Pensions, endowments, and other allocators are driving the economy through private credit managers.
According to a study released today, institutional investors represent the majority of the $1 trillion expected to be in the hands of private credit managers by 2020. Such firms have been financing mid-market companies for a decade after banks dropped out of the market post-2008. But laden with institutional capital, they are increasingly lending to some of the largest corporations in the world and have become a massive determinant of economic growth.
Seventy percent of private credit capital now comes from institutional investors, according to the research from the Alternative Credit Council and law firm Dechert.
Many private credit managers are thinking through what happens when the current credit cycle ends and companies face a more difficult economic environment.
“While the fundamentals driving the growth of private credit remain strong, the factors supporting that growth are facing several tests,” wrote the report’s authors. “The market remains extremely competitive with private credit managers working ever harder to compete for deal flow. This dynamic is evident in the continued pressure on deal terms and the growing use of leverage in some parts of the market.”
Even so, a third of managers surveyed said they will increase lending to middle-market companies over the next three years. About two thirds use fund structures that prevent investors from reneging on capital commitments during tough times. The authors of the study believe the structure helps steady the economy as borrowers can rely on getting access to funds even if economic conditions change.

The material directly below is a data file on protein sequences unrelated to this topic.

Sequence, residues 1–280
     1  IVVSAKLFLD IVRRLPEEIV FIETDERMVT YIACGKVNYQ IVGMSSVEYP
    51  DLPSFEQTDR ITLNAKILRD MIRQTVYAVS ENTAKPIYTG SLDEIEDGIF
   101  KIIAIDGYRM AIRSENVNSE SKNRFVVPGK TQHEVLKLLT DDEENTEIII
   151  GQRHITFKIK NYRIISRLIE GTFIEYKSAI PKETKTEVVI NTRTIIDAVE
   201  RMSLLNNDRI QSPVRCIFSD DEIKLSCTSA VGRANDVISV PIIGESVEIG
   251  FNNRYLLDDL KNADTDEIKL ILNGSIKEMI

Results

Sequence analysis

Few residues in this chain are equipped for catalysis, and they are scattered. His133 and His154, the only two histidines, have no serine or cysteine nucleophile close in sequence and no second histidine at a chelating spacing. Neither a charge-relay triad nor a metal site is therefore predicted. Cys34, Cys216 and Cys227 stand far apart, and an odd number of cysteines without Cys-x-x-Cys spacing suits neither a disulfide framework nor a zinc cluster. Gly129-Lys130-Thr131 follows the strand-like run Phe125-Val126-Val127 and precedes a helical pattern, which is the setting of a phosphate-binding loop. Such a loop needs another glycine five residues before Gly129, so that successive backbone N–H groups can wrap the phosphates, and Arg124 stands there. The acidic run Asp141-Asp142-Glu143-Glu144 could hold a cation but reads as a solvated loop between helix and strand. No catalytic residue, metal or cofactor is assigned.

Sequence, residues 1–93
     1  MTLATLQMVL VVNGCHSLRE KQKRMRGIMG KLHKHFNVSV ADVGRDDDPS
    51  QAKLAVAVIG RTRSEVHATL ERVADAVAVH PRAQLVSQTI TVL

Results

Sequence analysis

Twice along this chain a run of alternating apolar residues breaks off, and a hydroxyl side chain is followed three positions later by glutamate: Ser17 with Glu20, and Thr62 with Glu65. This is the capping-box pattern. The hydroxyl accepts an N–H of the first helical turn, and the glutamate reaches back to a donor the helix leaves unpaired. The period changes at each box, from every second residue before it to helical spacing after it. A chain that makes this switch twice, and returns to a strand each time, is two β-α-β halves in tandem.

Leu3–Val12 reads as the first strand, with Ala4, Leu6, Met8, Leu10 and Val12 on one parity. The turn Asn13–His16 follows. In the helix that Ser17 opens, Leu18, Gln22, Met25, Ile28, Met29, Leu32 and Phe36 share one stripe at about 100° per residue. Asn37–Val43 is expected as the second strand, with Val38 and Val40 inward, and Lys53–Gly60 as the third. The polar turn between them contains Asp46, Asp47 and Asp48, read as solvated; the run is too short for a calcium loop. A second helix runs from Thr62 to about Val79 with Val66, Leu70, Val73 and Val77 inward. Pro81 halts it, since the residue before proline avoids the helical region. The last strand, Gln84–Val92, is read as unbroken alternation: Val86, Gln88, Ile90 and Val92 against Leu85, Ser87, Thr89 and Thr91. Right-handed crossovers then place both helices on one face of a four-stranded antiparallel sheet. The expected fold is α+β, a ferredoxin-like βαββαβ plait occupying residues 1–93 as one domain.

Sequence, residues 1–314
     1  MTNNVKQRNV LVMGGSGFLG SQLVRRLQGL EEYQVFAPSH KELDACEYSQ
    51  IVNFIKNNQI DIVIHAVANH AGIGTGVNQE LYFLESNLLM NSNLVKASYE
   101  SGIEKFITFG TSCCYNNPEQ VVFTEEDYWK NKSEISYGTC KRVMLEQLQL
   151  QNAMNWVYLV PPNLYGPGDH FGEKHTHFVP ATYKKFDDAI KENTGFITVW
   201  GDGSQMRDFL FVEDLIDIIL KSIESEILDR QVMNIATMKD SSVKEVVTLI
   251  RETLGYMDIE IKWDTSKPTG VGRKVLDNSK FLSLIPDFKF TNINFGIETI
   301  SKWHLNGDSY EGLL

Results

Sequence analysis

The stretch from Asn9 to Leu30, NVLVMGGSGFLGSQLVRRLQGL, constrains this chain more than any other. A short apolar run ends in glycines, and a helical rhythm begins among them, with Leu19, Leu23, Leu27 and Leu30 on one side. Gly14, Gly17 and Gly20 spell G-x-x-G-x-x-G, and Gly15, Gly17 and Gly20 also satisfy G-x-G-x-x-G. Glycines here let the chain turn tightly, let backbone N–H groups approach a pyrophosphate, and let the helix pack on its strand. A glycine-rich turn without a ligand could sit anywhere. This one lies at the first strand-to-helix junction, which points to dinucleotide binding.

[II Deep Dive: Private Credit Will ‘Crush’ The Next Downturn, Alts Manager Says]
Nearly a third of all capital invested supports non-corporate lending strategies, including asset-backed finance, trade finance, receivables, real estate, and distressed, the trade group and law firm’s research found.
It’s a borrowers market. They have a choice of lenders and power when negotiating, according to the report. Eighteen percent of respondents said arrangement fees have fallen over the past year, while only 4 percent say they have increased. The remainder reported fees holding steady. In addition, twice as many respondents said financial covenant protection weakened versus strengthened over the past year.
The study comes as global policy makers continue to debate the risks and potential benefits of the shift in lending from banks to investors. Regulators have often referred to the new regime as ‘shadow banking,’ because private credit managers are not subject to the same rules as banks once were, arguing that transparency has declined.
The authors of the study were quick to point out that organizations such as the Financial Stability Board are showing support for the new lending regime. Their jargon is even changing.
The Financial Stability Board has said it will no longer call lending through private credit managers, ‘shadow banking,’ and will instead refer to the new lending class as ‘non-bank financial intermediation.’